Thought Exercise: Moving out of Shaw

B/W px of a early 20th century moving vanI had a job interview a few weeks ago, it went well, so well I seriously gave thought to what we would do if I was chosen for the position. You see, it is in the same suburban area of Maryland where my spouse, the Help works, and I said if I were to get a job there, we’d move. So for several days I was looking at moving to Maryland and all that would entail.

We already know what neighborhoods we want to live in on the other side of the border. Yes, this is something we think and talk about on a regular basis. But I hadn’t thought about the consequences of leaving Shaw and the city.

What we’d lose
Walkability
Our part of Shaw is a wonderfully compact. Within a 1/3 mile I can walk to the grocery store, a couple of bakeries, a bunch of restaurants and bars, the metro, and Destructo’s daycare. I haven’t owned a car for over twenty years and it’s been a couple of years since I’ve driven. I like being able to walk with Destructo or plop him in a stroller and walk to a park. When I looked at a few houses on-line that I thought was close enough to a metro station, PG Plaza was over a mile away, and a park well over 1/3 mile. Whereas our block has a WalkScore in the 90s the areas I was looking at had scores in the 30s… and no sidewalks.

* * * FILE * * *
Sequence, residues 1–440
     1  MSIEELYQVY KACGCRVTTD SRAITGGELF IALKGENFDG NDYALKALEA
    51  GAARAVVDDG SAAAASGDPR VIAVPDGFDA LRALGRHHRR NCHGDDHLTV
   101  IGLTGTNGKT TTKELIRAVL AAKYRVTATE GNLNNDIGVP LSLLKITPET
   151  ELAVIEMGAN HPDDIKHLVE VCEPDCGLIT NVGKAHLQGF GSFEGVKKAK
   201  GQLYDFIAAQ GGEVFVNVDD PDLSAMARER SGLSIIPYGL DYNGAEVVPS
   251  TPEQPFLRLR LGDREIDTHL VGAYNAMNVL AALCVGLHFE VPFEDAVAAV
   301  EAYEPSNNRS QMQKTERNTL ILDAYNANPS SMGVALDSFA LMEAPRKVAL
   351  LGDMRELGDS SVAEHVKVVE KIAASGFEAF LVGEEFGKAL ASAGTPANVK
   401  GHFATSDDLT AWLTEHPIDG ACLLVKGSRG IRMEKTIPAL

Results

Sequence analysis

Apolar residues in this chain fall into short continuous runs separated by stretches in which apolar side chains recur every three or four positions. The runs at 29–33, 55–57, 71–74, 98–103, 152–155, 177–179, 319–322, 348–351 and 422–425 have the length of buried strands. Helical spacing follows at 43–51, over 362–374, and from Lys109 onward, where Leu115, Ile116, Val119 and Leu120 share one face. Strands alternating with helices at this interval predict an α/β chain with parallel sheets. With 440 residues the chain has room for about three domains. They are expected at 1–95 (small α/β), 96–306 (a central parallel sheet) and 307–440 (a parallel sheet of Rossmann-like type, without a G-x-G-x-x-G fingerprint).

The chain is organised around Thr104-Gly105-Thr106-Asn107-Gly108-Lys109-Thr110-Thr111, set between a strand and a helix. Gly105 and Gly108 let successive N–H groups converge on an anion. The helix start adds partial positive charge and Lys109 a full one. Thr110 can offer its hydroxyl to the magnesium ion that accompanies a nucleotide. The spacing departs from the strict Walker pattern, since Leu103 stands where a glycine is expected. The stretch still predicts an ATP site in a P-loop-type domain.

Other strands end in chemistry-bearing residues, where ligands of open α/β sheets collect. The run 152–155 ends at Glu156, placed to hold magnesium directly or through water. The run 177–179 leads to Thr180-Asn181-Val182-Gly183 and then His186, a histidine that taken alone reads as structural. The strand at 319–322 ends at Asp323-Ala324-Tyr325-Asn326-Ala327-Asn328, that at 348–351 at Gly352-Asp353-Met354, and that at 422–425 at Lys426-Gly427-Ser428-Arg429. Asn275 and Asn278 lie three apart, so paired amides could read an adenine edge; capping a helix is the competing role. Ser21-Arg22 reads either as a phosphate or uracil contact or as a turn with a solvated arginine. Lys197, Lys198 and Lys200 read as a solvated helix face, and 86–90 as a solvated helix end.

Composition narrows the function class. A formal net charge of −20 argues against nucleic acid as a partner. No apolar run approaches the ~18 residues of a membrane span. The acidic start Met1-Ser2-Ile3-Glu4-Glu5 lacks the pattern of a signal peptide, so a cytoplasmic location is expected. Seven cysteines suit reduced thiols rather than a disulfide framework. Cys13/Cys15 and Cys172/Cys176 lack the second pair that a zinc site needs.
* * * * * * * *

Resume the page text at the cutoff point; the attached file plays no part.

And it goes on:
Lower Property Taxes
When looking at possible homes in our price range, looking at the property taxes made some places just, unaffordable. A lovely little 3 bedroom in the $300-400K range had taxes above $5,000 a year. Our taxes in DC are somewhere just below $3K a year. A couple hundred dollars of our monthly mortgage goes to taxes and insurance, but I was seeing sizable $400-$700 a month going to taxes for PG Co. properties.

Free Pre-K
Dangit, I been paying into this system, I’m going to get my 2 free years. Destructo won’t enter the school system until 2020-21. If we were to move, we’d be paying for  2 more years of daycare since PG County doesn’t have free Pre-3-4K. That’s when I decided I’d rather have a bad commute (I’d worked at this location before) than pay $30,000+ for 2 years of daycare.

Loss of connections
Living here for nearly 20 years, despite people constantly moving, we’ve got some deep strong connections here. After observing others move to other nearby neighborhoods or over into suburbs, I know after a while you stop seeing those people. I wouldn’t expect us to be any different. We have friends and family in PG County and those connections would get stronger, but I would miss what I have built here in Shaw.

Other things I had to consider
Sell/Rent house?
Then there is the question of selling or renting. I’m emotionally attached to this house I live in. It was my first property. I’m not sure I can just hand it over to some renter to make their mark on. However, renting would allow me to return to the TC if I manage to return to my current duty station if an opportunity arose. Also the rules about renting in this city seem to get more complicated, which would mean hiring a property manager. Some of my former neighbors self manage, other use a property manager. Question would be would I want to self manage my baby?